Adobo (from Spanish adobar: “marinade,” “sauce” or “seasoning”) is a popular dish and cooking process in Philippine cuisine that involves meat, seafood, or vegetables marinated in vinegar, soy sauce, and garlic, which is browned in oil, and simmered in the marinade. It has sometimes been considered as the official national dish in the Philippines.
Typically, pork or chicken, or a combination of both, is slowly cooked in vinegar, crushed garlic, bay leaves, black peppercorns, and soy sauce. It is served with white rice. It was traditionally cooked in small clay pots (palayok or kulon); but in modern times, metal pots or woks (kawali) are used instead.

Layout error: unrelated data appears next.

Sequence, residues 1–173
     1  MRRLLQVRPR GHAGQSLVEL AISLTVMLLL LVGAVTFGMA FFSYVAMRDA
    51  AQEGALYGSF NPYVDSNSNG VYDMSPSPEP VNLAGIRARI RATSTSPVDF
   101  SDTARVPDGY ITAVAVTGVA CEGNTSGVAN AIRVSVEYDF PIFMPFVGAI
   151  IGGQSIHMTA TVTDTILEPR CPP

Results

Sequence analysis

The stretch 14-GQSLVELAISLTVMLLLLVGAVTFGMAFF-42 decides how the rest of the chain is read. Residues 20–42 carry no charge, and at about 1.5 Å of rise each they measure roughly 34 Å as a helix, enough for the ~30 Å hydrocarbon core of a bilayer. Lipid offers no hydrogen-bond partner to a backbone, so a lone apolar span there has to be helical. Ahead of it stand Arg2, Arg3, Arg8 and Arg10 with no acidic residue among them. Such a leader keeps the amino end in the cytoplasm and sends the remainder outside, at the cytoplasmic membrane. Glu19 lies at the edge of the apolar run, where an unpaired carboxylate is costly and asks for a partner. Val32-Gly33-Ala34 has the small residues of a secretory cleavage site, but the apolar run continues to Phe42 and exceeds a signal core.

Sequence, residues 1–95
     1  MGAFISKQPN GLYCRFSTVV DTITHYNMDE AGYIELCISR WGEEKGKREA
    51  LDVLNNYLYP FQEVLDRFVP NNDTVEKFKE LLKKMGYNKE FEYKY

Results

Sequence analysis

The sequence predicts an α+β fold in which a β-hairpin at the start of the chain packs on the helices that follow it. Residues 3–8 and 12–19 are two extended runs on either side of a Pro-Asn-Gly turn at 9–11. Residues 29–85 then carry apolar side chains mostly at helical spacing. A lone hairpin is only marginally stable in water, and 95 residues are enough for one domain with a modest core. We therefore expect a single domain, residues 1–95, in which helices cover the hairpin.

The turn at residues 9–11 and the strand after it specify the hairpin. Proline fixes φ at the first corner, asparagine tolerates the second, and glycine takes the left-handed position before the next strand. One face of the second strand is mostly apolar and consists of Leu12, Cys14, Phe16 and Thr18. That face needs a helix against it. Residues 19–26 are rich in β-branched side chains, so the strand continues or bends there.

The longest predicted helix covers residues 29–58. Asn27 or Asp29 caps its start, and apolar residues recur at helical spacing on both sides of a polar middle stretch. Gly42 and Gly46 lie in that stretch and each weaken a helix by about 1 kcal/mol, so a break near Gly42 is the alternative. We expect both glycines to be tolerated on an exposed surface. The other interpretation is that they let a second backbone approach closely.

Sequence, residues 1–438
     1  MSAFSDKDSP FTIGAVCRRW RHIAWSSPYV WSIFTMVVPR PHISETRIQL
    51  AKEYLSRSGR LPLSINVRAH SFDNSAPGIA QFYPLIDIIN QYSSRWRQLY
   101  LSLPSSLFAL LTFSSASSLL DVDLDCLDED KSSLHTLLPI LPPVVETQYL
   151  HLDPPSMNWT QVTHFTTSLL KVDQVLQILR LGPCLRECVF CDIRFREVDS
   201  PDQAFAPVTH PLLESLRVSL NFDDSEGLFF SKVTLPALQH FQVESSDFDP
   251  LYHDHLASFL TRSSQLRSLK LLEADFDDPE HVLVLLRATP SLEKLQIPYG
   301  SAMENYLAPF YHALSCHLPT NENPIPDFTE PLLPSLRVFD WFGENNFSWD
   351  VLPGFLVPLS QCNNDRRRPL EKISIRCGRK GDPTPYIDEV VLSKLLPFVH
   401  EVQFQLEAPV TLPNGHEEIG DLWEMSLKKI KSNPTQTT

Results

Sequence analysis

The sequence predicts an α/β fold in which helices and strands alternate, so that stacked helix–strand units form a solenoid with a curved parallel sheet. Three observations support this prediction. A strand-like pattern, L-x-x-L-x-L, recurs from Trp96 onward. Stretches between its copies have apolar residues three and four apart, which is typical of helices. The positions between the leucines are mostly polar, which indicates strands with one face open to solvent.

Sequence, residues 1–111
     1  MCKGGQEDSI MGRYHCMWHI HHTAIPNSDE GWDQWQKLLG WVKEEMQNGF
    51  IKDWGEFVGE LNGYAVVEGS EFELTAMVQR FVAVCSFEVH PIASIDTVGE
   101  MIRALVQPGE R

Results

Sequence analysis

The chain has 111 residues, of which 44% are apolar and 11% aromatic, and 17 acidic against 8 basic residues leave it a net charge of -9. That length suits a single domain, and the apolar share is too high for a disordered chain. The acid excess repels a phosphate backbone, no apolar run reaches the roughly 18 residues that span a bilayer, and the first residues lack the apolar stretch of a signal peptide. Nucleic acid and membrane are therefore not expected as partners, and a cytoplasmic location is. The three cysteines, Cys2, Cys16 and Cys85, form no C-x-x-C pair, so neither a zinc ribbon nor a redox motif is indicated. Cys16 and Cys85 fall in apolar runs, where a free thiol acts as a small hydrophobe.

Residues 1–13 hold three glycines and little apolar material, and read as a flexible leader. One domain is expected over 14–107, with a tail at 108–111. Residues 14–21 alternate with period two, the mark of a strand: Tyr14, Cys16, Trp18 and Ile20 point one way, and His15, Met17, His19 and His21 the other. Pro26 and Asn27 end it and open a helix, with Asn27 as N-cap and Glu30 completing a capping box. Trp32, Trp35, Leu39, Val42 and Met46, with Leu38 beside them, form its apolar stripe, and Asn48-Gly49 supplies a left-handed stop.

There are numerous variants of the adobo recipe in the Philippines. The most basic ingredient of adobo is vinegar, which is usually coconut vinegar, rice vinegar, or cane vinegar (although sometimes white wine or cider vinegar can also be used).
Adobo has been called the quintessential Philippine stew, served with white rice both at daily meals and at feast. It is commonly packed for Filipino mountaineers and travelers because it keeps well without refrigeration. Its relatively long shelf-life is due to one of its primary ingredients, vinegar, which inhibits the growth of bacteria.